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L'Atlantide (1932)

 |  Drama, Fantasy  |  1932 (Turkey)
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Ratings: 6.8/10 from 177 users  
Reviews: 2 user | 5 critic

Antinea. the Queen of Atlantis, rules her secret kingdom hidden beneath the Sahara Desert. One day two lost explorers stumble into her kingdom, and soon realize that they haven't really ... See full summary »


(as G.W. Pabst)


(novel), (adaptation), 3 more credits »
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Title: L'Atlantide (1932)

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Complete credited cast:
Tela Tchaï ...
Georges Tourreil ...
Lt. Ferrières
Vladimir Sokoloff ...
L'hetman de Jitomir (as Vl. Sokoloff)
Mathias Wieman ...
Ivar Torstenson (as M. Wieman)
Jean Angelo ...
Florelle ...
Gertrude Pabst ...
Rositta Severus-Liedernit ...
Rest of cast listed alphabetically:
Martha von Konssatzki


Antinea. the Queen of Atlantis, rules her secret kingdom hidden beneath the Sahara Desert. One day two lost explorers stumble into her kingdom, and soon realize that they haven't really been saved--Antinea has a habit of taking men as lovers, then when she's done with them, she kills them and keeps them mummified. Written by

Plot Summary | Add Synopsis


Drama | Fantasy






Release Date:

1932 (Turkey)  »

Also Known As:

Atlântida  »

Filming Locations:


Company Credits

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Technical Specs

Sound Mix:

Aspect Ratio:

1.37 : 1
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Remake of Missing Husbands (1921) See more »

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User Reviews

Sand-particles of truth
21 September 2012 | by (Greece) – See all my reviews

This is beautiful and strange. It seems nuts, because it is from so far back it doesn't register for what it really is. Tell me I am wrong when elsewhere in my posts I say we need new viewing- and by extension reasoning skills, see this then find those reviews that compare it to Jess Franco as basically crazy or claim the only truth is in the clearly fictional part.

The novel it was based on is apparently a piece of exoticist fluff, popular then - a time of archeology and excavations. This is much more. The pursuit of truth in myth is the hook.

This equal parts disjointed, meandering and intoxicating journey of Saharan intrigue, is worthy of Josef Sternberg and Marlene Dietrich in their own escapades into sensual , opiate dreaming.

You have a fantastical story of Saharan intrigue and adventure. There are hooded Tuareg figures, a pet leopard, a binge-drinking impresario, lots of feverish wandering about in rooms, a prophecy of death, and a memory inside memory that flashes back to Paris and the Folies Bergeres.

But it's all what an unreliable narrator presents to us of his supposed discovery of the lost city of Atlantis, elusive sand-particles of a story.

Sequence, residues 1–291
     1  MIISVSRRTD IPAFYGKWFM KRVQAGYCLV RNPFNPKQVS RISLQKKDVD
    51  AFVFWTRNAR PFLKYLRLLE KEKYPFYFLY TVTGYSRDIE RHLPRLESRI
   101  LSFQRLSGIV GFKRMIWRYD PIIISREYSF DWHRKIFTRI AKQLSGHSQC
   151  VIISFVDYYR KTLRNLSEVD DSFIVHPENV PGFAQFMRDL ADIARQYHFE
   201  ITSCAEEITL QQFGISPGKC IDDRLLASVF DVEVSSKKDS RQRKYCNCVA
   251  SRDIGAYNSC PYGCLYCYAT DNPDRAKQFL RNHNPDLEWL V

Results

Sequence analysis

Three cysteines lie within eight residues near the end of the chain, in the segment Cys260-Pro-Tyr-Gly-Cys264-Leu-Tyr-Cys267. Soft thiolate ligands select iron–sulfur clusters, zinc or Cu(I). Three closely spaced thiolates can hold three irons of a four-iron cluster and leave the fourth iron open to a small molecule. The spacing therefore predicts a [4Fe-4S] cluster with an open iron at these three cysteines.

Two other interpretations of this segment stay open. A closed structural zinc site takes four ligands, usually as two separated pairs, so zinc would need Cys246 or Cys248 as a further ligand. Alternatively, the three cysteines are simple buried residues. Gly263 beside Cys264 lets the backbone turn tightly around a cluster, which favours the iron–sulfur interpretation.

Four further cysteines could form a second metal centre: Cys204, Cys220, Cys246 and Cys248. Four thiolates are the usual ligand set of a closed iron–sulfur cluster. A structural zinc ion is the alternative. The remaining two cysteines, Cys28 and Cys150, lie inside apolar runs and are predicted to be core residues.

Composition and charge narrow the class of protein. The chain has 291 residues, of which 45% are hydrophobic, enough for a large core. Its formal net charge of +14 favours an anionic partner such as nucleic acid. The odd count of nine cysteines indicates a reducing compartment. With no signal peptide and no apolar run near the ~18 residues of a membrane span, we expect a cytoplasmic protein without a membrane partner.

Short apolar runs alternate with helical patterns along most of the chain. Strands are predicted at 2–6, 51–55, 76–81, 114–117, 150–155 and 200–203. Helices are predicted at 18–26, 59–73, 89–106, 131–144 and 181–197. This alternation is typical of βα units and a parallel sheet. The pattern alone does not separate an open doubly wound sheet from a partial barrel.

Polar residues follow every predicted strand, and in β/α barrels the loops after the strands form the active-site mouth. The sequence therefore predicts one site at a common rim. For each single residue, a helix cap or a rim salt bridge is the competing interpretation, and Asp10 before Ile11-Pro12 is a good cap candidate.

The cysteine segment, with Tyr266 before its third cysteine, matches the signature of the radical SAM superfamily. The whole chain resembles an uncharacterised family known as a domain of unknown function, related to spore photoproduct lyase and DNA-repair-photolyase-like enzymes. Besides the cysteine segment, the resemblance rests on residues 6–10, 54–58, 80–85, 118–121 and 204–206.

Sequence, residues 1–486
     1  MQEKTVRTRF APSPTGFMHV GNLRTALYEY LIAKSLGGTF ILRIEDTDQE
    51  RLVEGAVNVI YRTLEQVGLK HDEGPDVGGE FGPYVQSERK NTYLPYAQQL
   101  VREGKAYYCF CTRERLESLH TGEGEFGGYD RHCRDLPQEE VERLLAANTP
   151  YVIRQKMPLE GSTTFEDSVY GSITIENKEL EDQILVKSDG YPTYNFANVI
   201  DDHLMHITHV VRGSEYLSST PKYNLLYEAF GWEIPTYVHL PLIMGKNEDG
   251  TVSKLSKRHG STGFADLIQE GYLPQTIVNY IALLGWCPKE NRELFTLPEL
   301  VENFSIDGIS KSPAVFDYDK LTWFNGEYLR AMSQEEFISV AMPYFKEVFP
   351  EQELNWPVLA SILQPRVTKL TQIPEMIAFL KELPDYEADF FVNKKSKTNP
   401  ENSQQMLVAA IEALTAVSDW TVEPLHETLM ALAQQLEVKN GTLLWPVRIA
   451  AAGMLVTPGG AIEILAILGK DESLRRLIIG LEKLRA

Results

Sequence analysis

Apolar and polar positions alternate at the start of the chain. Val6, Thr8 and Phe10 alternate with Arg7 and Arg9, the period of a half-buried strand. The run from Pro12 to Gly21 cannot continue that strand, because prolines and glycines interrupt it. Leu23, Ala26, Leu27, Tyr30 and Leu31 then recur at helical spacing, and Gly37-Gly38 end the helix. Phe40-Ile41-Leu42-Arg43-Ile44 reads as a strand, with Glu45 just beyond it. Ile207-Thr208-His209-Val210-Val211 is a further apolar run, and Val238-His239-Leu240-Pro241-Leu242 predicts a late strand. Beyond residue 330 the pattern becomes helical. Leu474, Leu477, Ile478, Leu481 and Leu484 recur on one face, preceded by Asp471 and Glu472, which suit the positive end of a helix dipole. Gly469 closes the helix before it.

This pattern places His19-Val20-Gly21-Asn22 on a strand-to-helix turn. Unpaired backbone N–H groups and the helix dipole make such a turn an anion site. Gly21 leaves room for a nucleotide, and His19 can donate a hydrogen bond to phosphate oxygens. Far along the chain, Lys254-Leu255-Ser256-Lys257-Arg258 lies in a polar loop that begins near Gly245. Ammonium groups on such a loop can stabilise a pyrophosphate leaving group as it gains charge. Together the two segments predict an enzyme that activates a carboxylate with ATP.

Your first clue is that there is a woman in the early stages of the lost expedition who writes an account - a script - of the narrative. The film is from that French tradition of layered fiction most notably expressed in Rivette and Ruiz, but predates them all with the exception of Epstein, that mage of fluid dreaming.

It is not immensely effective. Sternberg made it work because he was so madly in love he could make us dream of that woman, the kind of love that bends reality. Pabst isn't, so there are no strong currents around his woman. He needed his muse, Louise Brooks. His brilliance is that he doesn't film big and gaudy, it's a piece of erotic fantasy after all, in an exotic place. And it's a story being recalled, a piece of sunbaked imagination.

The magic is not in the sets and costumes the way Lang did for Metropolis, though some of them impress the overall feel is earthy and makeshift, like something the narrator and listener may have walked through in their patrols and have the images for. And they are both military minds who can imagine for us only so far.

No, Pabst sustains the fantasy in the uncanny drafts of desert wind between something resembling reality and feverish dream, with fragile (for the time) borders between memory and fiction, the mind captive in its own world of stories.

The point here is that we set out in the desert in search of the hard limits of truth instead of adventure.

Celine and Julie Go Boating instead of Lawrence.

Eventually it is all swallowed up by the sands and time, every answer we had hoped for. There was a woman desired, possibly a cabaret dancer and that's all we can glean - consider the subplot in Rivette's film about a vaudeville tour in the middle east. The rest is gauzy and half-glimpsed.

And the prospect that Pabst has modeled the Queen after Leni Riefenstahl is too tantalizing to ignore; cold beauty, a dancer, surrounded with mystical pageantry, plus the actress looks like her.

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